Paranormal Romance Guild book review team selected my new book of paranormal poetry, Shadows of Myth and Legend, for review.
EJ Stevens’ Shadows of Myth and Legend is a fascinating collection of short, powerful poems that thrill, chill and delight. Delving into established mythology, Stevens brings all manner of mythical creatures out of the shadows for a glimpse of the world behind the curtain. Her strategy is not to explore the legends deeply, but to provide hints of them; the result is a beguiling and provocative volume that creates more curiosity and tension than would facing the horror full on.
Like From the Shadows, Stevens’ previous collection of shaded paranormal poetry, this collection is divided into sections. Stevens takes us on a tour of the darker side of the elements (e.g., “Earth & Below;” “Fire & War”) and each of the sections presents short vignettes, such as the cautionary tale of a would-be unfaithful husband in “Woman in White,” or brief psychological sketches, as in “Loup Garou.”
In fact, “Loup Garou” is one of the shortest in the collection at eight-lines; but it also one of the most thrilling with its cold revelation of a once-human’s nature. The Loup Garou is a French legend of a human who changes into a wolf at his/her own will, and in Stevens’ hands, the narrator’s choice to kill is entirely her own; unlike a vampire or a more commonly known werewolf, the Loup Garou can choose its nature – and, in this short, chilling poem, does.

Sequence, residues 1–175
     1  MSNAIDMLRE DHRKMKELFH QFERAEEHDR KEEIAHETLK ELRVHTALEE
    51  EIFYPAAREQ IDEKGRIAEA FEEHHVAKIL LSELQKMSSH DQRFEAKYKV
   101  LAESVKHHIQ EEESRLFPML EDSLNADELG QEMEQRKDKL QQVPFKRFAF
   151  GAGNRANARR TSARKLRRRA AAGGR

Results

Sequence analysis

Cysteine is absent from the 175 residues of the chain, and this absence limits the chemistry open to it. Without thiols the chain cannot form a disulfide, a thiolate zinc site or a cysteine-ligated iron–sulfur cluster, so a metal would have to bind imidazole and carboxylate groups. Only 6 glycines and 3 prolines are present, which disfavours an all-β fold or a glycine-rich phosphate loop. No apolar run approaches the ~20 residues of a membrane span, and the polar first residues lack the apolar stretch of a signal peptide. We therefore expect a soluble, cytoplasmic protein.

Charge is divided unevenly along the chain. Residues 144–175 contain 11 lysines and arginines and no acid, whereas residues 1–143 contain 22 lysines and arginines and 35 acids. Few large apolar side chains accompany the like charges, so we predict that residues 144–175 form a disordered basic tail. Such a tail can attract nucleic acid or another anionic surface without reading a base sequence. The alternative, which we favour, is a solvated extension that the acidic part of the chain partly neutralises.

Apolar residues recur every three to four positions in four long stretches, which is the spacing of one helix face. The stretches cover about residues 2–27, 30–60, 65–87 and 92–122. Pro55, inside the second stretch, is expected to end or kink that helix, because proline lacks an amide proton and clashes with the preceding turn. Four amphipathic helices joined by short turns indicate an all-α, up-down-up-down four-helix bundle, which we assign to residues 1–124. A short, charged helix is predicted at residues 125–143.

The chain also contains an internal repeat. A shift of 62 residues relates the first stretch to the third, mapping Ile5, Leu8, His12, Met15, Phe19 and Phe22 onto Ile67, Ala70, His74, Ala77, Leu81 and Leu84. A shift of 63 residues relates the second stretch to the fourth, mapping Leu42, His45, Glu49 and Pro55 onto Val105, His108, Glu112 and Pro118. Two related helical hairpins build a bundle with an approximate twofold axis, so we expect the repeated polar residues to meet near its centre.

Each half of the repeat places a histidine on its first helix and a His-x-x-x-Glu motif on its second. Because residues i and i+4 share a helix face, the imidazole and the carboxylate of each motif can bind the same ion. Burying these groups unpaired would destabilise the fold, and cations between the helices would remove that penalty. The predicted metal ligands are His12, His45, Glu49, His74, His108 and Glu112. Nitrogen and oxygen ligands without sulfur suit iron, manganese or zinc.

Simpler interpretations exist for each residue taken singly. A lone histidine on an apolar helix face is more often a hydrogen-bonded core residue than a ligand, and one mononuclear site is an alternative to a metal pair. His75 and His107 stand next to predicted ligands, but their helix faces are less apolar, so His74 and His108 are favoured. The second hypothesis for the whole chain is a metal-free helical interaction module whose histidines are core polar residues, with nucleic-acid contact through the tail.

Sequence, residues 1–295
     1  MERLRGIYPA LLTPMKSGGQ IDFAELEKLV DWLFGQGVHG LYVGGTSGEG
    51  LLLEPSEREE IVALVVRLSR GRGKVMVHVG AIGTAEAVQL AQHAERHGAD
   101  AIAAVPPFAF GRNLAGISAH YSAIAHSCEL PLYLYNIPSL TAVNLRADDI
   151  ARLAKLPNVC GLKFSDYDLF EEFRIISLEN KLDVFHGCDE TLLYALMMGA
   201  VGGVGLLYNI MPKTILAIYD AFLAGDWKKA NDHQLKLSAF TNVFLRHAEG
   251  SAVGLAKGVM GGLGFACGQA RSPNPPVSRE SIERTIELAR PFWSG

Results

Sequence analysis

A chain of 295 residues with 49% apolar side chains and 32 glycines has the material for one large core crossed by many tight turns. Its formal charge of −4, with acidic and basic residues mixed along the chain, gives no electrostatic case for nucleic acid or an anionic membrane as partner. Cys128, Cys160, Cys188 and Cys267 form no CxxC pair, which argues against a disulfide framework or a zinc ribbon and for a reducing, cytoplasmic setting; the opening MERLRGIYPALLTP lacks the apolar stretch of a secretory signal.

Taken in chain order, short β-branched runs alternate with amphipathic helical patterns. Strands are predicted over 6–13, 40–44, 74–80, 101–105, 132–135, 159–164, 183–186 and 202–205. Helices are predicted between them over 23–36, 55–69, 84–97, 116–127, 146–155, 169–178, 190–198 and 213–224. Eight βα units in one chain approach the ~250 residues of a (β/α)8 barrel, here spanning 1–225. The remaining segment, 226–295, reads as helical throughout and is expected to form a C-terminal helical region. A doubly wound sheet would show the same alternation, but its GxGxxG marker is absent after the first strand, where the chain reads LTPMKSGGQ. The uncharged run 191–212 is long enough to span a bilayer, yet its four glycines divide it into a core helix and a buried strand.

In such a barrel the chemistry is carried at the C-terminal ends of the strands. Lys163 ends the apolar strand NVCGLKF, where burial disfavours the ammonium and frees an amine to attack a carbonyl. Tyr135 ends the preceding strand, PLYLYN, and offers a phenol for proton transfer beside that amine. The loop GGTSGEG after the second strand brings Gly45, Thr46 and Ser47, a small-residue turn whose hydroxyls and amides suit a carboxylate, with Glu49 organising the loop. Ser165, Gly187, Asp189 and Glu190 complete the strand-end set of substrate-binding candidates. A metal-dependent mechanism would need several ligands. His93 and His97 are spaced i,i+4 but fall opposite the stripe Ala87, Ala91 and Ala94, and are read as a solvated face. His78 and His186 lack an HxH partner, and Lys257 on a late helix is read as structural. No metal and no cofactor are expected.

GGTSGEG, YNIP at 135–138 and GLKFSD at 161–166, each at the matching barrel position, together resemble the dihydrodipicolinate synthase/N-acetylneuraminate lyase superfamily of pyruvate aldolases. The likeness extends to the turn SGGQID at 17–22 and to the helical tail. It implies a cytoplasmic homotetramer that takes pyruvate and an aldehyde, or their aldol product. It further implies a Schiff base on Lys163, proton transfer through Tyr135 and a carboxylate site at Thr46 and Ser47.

The last section of the book, interestingly, provides a Bestiary, listing all the strange and frightening creatures she writes about and the pages on which they could be found. These include banshees, fairies, vampires, werewolves and zombies, among others.
While none of the poems in the collection has been previously published, some have been released earlier on the Internet, such as “The Winter Queen.” All of them, however, deserve to be read and re-read.
Each of the poems displays Stevens’ impeccable sense meter and rhyme. A lesser poet may find herself slave to the lilting rhythm and flowing words Stevens so masterfully controls. After all, it’s easy for a writer to lose himself in verbal games, thereby losing the reader in technique. Stevens, however, works wondrously and naturally within her structure without misstep. She’s a rhythmic virtuoso!
The book’s haunting photography perfectly emulates the spirit of the material, from the shot of the author, with face downcast, descending steps in a cemetery on the cover – an image that hints at dark relations with a lover entombed below – to the black bird on the back cover, which reminds the reader of “The Raven” by Stevens’ literary forebear, Poe.
When it’s time to turn the last page and close the back cover, the reader will want to remain in the Shadows with Stevens – evermore.
Special Guest Reviewer- Andrew Valentine , Author of Bitter Things
Visit author Andrew Valentine at www.BitterThingsTheBook.com.
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This review was reprinted with the permission of the Paranormal Romance Guild. Please do not reprint or distribute without permission.